Chase Trifecta/Quadfecta Explained in Depth

When it comes to credit card setups, the Chase setup is the most discussed one. Depending on the cards you are eligible for, it could either consist of three or four different cards. Before getting into detail, there are some things that you should know about. 

Chase’s 5/24 Rule 

Before applying for any Chase credit card, they have a very infamous unofficial rule. If you have been approved for 5 or more credit cards from any issuer in the last 24 months, you will not get approved for a Chase card. 

Assuming you are eligible for one of these credit cards, here are the list of credit cards the Trifecta/Quadfecta consists of. 

Ability to Pool Points

The great thing about the setup involves the pooling of points. While some of the cards in this list are advertised as cashback, if you transfer the cashback you earned to an Ultimate Reward earning credit card, that cashback actually becomes Ultimate Reward points which makes that earring rate much better. Once they are pooled together, you can then either redeem the points in Chase’s travel portal or transfer them out to partners. Depending on which card you redeem the points with or which travel partner you transfer too the value of the points will change.

Chase Freedom 

The Freedom card is a no annual fee credit card that earns 5% cashback on rotating categories. The categories rotate every quarter. There is a limit of $1500 worth of purchases you can make in the 5% category before you max it out until next quarter. If you max out the category, you will only earn 1%. 

Make sure to activate the 5% offer every quarter, otherwise your purchase will only earn 1%. You can do online, over the phone, or through the mail.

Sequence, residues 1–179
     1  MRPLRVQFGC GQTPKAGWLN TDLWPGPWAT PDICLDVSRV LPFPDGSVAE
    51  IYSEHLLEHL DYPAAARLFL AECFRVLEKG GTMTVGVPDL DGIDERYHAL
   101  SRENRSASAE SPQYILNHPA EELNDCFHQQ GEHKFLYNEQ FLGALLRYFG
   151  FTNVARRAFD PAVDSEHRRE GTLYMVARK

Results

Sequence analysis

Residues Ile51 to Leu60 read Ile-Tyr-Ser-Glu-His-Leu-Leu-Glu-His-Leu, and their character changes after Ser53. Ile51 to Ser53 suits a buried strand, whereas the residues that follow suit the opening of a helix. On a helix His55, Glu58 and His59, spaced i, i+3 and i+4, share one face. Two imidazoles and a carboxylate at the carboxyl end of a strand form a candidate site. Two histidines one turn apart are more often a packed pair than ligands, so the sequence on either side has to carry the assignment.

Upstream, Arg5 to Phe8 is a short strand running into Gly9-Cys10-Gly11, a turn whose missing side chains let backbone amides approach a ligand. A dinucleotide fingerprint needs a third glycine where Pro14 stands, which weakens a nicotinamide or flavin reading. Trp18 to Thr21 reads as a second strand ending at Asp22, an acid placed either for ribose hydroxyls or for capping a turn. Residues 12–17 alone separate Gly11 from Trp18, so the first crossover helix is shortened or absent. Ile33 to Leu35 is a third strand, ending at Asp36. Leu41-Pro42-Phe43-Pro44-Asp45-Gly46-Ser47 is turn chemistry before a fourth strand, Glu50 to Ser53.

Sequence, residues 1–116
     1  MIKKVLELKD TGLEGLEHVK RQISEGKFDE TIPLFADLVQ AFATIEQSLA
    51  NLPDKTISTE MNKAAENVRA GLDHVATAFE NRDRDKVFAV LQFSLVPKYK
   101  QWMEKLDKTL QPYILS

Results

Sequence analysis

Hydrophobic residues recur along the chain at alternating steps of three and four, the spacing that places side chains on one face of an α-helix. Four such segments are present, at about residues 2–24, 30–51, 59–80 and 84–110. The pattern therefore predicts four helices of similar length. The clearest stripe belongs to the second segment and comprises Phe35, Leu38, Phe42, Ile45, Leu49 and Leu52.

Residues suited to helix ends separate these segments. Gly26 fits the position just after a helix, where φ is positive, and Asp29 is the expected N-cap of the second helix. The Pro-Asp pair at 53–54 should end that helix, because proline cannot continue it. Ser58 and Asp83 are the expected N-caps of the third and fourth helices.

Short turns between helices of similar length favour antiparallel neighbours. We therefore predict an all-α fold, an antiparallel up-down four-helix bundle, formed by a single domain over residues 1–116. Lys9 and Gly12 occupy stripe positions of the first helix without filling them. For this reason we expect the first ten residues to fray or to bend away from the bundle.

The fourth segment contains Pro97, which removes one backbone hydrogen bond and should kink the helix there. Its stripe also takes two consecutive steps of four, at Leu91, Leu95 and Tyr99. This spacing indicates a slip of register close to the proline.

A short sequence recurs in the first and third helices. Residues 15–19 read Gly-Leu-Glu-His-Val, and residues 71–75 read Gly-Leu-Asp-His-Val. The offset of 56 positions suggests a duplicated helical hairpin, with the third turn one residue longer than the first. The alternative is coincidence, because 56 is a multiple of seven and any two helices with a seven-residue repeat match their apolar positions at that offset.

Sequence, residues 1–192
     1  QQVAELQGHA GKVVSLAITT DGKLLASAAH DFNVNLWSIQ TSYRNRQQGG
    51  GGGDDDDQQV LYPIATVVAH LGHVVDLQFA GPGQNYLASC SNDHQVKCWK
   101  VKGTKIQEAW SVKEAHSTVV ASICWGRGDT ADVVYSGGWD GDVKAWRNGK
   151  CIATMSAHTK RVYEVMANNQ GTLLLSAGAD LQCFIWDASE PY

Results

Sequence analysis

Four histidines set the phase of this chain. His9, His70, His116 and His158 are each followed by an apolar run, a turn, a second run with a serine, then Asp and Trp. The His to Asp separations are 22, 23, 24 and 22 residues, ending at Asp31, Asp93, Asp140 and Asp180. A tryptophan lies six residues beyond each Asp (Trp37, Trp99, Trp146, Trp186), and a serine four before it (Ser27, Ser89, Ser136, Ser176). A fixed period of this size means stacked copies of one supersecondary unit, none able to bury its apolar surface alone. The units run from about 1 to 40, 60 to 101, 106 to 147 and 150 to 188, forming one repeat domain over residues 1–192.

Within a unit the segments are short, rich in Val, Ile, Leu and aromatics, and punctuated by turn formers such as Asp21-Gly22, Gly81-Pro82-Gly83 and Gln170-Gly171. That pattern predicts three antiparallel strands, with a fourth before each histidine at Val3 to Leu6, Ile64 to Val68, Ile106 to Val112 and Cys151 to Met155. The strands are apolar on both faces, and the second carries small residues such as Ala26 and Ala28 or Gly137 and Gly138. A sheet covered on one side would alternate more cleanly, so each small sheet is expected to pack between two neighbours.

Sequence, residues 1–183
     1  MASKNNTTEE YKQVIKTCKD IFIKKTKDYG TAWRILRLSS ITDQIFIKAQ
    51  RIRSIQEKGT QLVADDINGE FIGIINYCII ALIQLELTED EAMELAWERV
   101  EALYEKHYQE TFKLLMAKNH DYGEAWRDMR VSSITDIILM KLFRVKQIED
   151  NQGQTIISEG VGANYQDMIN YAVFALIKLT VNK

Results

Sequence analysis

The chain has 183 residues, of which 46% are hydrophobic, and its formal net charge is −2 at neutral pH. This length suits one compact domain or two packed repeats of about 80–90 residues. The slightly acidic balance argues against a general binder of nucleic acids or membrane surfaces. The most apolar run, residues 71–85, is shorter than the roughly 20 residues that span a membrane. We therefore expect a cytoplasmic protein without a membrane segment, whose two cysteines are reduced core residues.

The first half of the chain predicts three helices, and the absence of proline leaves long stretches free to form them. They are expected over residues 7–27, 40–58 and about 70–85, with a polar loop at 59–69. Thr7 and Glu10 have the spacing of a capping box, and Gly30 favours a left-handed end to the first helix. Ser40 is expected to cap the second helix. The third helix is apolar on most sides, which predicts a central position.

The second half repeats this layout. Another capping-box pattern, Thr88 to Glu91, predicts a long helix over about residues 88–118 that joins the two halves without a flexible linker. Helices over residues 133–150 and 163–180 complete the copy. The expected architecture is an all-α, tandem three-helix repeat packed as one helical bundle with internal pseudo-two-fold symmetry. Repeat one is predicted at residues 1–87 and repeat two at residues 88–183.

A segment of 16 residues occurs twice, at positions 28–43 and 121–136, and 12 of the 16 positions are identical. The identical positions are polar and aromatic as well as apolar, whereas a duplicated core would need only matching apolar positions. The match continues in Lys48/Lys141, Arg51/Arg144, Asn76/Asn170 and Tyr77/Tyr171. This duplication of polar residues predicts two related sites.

Chase Freedom Unlimited 

The Freedom Unlimited is the foundation for the Chase setup. It earns 1.5% on all purchases with no maximum. As far as this strategy, you will want to use this card at any point where the purchase you’re about to make would earn less than 1.5% (out of category purchases). 

Chase Sapphire Reserve/Preferred

When it comes to the third slot on the setup, you will want either the Reserve or the Preferred; personally I would recommend the Reserve though.

The Sapphire cards come with either a $95 or $450 annual fee. Both cards earn Ultimate Reward points, and thus, allow you to transfer your cashback from the other cards. Once the cashback is transferred, they become Ultimate Reward points. Those points can then either be redeemed in the Chase travel portal for 1.25x or 1.5x or transferred over to a transfer partner for the potential for even more value. Depending on the card you have of course, you will want to make sure the transfer earns at least 1.25 or 1.5 cents per point.  

*Bonus/Quadfecta Card: Chase Ink Preferred*

If you happen to be eligible for a business credit card (it’s easier than you think), you may want to add a fourth credit card to this setup. Chase has three different business cards, the Ink Unlimited (Freedom Unlimited), the Ink Cash (Freedom), and the Ink Preferred (Sapphire Preferred). It makes sense to add the Ink Preferred to this setup.

The Ink Preferred comes with a $95 annual fee, however it can really help earn some extra points. The Ink Preferred earns 3x in any telecommunication purchases (telephone, internet, tv), advertising on social media/search engines, and shipping purchases. While you may say that the Ink Cash earns 5x back on those telecommunication purchases, the Ink Preferred also comes with cell phone insurance if you pay your cell phone bill on the card. Its up to you then, if you’d like to earn extra points or get the added protection (for me it’s the Ink Preferred).

Ideal Strategy Summary

Now that you’ve got your cards all laid out, here is how you use this setup properly:

  1. Chase Freedom 5% Category
  2. Chase Sapphire Reserve/Preferred: Dining and Travel
  3. Chase Ink Preferred: Telecommunications, advertising, shipping purchases:
  4. Chase Freedom Unlimited: Everything else that doesn’t fall into either one of these categories. 

Basically, you’ll want to check if your purchase counts for the 5% category on the Freedom. If not, check which category it falls under. If it falls under dining, travel, telecommunications, advertising, or shipping then use the appropriate card. If it doesn’t fall underneath any of those, then throw it on the Freedom Unlimited to earn 1.5x instead of 1.0x. 

What do you think of this strategy? Let us know if you have the complete setup and if it’s worth it to you!

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